Will Europe manage its crisis? Does euro have any future? Will Finland, Europe, and the USA face a serious economic depression in the near future? All questions are topical, yet little attention has been paid to the role of the firms among the crisis. Even though the euro crisis is intermitted to economies through firms, their representatives have not been able to participate in the euro-elite meetings and negotiations.
Our analysis projects that the crisis is likely to generate an economic depression in Finland. An uncontrolled disintegration of the euro zone would lead to a Europe-wide depression, where the GDP in Finland would fall more than 10 percent within only two years. The appearance of a Germany-centered core-euro would pay as much as 26 billion euro to us, and an introduction of the so-called Eurobonds would cost at least 600 million euro as annual interest rates.
From the firms’ point of view, the most extensive effects would follow from a total disappearance of the Eurozone, as depression, combined with a re-appeared currency risk, would complicate the business life in Europe. The potential core-euro would leave the former members of the euro zone alone with their economic problems, while the core-countries would face a considerable appreciation of their currency, which would violate their competitiveness in the long run. The increased interest payments, associated with the Eurobonds, would tighten the public budgets thus rising taxes, lowering the profits and dampening the investment prospects of the firms.
Managing the risk
Which tools are available for firms to anticipate the risk generated by the crisis? Above all, firms should identify the potential alternatives and develop suitable strategies for handling each potential outcome of the crisis. During conventional business cycles, forecasts for coming trends are available with considerable certainty, thus allowing clear-cut strategic options for firms. However, as uncertainty increases, strategic choices may become vague and obscure, and the conventional market signals may disappear. Therefore, scenario-based forecasting is needed. In scenario-based forecasting, the alternative outcomes are specified to highlight the future, and the firms are able to dictate the associated strategic moves. Whatever the outcome, the firm never loses its ground. The advantage of the scenario thinking is that firms have a suitable strategy to match every potential outcome of the crisis.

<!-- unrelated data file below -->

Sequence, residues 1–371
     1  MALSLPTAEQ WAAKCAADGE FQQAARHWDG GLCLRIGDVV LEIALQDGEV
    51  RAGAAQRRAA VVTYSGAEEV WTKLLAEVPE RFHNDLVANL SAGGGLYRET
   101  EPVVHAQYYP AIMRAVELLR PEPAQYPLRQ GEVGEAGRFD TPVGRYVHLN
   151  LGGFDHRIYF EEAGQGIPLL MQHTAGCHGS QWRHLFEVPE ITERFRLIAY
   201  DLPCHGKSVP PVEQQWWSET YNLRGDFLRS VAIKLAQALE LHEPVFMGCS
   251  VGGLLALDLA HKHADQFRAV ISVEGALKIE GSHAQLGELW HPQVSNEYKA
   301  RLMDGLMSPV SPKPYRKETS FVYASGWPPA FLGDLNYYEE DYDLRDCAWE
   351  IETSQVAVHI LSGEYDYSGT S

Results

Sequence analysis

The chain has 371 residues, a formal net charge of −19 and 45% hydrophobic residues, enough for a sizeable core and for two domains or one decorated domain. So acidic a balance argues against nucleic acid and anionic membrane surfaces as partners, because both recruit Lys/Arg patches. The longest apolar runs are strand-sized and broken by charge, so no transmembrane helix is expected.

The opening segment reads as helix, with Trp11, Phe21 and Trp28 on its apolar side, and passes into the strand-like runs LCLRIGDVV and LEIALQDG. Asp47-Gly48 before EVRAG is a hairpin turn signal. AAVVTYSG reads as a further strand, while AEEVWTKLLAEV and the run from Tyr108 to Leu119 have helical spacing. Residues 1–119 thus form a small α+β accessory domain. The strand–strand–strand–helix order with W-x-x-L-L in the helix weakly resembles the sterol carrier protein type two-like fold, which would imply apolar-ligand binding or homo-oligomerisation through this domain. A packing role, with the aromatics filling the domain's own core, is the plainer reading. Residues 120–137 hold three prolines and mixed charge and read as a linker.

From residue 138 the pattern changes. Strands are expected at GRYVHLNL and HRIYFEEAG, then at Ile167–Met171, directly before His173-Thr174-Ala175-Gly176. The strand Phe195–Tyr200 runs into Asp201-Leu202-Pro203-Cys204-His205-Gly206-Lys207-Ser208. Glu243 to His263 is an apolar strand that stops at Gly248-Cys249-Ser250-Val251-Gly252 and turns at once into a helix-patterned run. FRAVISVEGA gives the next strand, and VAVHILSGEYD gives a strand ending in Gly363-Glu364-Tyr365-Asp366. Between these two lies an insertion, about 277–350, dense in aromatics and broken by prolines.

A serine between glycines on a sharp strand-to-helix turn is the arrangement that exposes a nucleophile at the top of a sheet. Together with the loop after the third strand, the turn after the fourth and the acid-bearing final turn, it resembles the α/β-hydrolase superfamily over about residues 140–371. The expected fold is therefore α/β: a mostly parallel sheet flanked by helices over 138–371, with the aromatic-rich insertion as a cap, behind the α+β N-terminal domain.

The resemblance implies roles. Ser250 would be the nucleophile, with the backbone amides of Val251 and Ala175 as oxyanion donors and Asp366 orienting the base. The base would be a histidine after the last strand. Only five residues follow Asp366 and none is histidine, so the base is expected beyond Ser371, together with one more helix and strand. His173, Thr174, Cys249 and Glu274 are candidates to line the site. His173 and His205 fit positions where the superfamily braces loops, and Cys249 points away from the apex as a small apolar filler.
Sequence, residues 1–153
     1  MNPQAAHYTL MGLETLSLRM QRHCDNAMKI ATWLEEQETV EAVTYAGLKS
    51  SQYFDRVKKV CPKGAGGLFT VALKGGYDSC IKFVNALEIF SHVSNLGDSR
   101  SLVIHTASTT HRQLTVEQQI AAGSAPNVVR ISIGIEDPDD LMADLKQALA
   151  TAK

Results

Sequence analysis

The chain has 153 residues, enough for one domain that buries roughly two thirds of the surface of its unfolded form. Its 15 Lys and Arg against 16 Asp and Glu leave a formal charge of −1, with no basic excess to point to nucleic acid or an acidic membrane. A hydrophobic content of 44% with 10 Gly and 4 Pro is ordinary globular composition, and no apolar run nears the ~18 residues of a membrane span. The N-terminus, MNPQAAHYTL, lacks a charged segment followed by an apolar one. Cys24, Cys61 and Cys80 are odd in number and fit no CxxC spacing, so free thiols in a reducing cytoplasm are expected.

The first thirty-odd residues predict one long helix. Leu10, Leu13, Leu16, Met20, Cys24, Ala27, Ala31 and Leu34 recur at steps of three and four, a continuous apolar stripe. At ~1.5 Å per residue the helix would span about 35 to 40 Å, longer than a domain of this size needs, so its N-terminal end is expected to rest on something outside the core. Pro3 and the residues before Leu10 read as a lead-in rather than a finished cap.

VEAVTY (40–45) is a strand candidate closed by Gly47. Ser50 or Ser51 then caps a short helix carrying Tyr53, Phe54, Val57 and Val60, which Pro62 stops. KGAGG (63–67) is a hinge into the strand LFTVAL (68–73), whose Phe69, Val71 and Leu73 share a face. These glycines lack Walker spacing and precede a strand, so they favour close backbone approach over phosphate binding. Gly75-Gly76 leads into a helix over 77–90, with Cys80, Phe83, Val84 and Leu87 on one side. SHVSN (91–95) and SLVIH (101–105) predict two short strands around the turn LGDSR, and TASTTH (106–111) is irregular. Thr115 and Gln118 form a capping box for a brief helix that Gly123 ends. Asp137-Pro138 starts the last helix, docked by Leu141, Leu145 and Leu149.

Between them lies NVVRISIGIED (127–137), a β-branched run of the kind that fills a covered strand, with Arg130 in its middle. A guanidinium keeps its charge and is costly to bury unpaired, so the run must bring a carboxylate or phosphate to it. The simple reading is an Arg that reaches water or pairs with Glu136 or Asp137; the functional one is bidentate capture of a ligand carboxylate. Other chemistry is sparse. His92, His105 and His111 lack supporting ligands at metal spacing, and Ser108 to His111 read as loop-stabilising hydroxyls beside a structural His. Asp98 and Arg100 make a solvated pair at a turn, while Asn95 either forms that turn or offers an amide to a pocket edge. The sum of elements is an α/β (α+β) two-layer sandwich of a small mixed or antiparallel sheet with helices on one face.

To control for uncertainty, three scenarios, the most pessimistic, the most optimistic and the most likely, are usually needed. These scenarios are intended to survey the probable outcomes of any process, such as the euro crisis. Each scenario comes with likelihood for realization, facilitating the choice of the associated strategy.
GnS economics supports firms by providing quarterly scenario forecasts for the business cycles in Finland, Europe, and the U.S.A. In our latest Q-review, we supply the most optimistic, the most pessimistic and the most likely forecasts, indicating the economic growth in Finland may vary from + 2.5% to -3.5% in 2013. Obviously, facing this kind of uncertainty and risk, firms urgently need a scenario-based strategy. On the other hand, a well-composed scenario strategy also renders a considerable competitive advantage over the competitors, indicating that the current crisis provides substantial opportunities as well. In the next blog entry, we will discuss on the strategies that firms can use to control for the uncertainty.
Tuomas Malinen, PhD (econ.)
Tel: +358 40 196 3909
Ulla Lehmijoki, professor
Chairman of the board
GnS economics applies cutting edge academic research. We aim to offer the best possible information and analyses to support our clients’ decision making in the competitive global markets. Amid short term fluctuations, it is imperative to have a clear view on the long-term economic outlook in order to be prepared and to maximize the opportunities.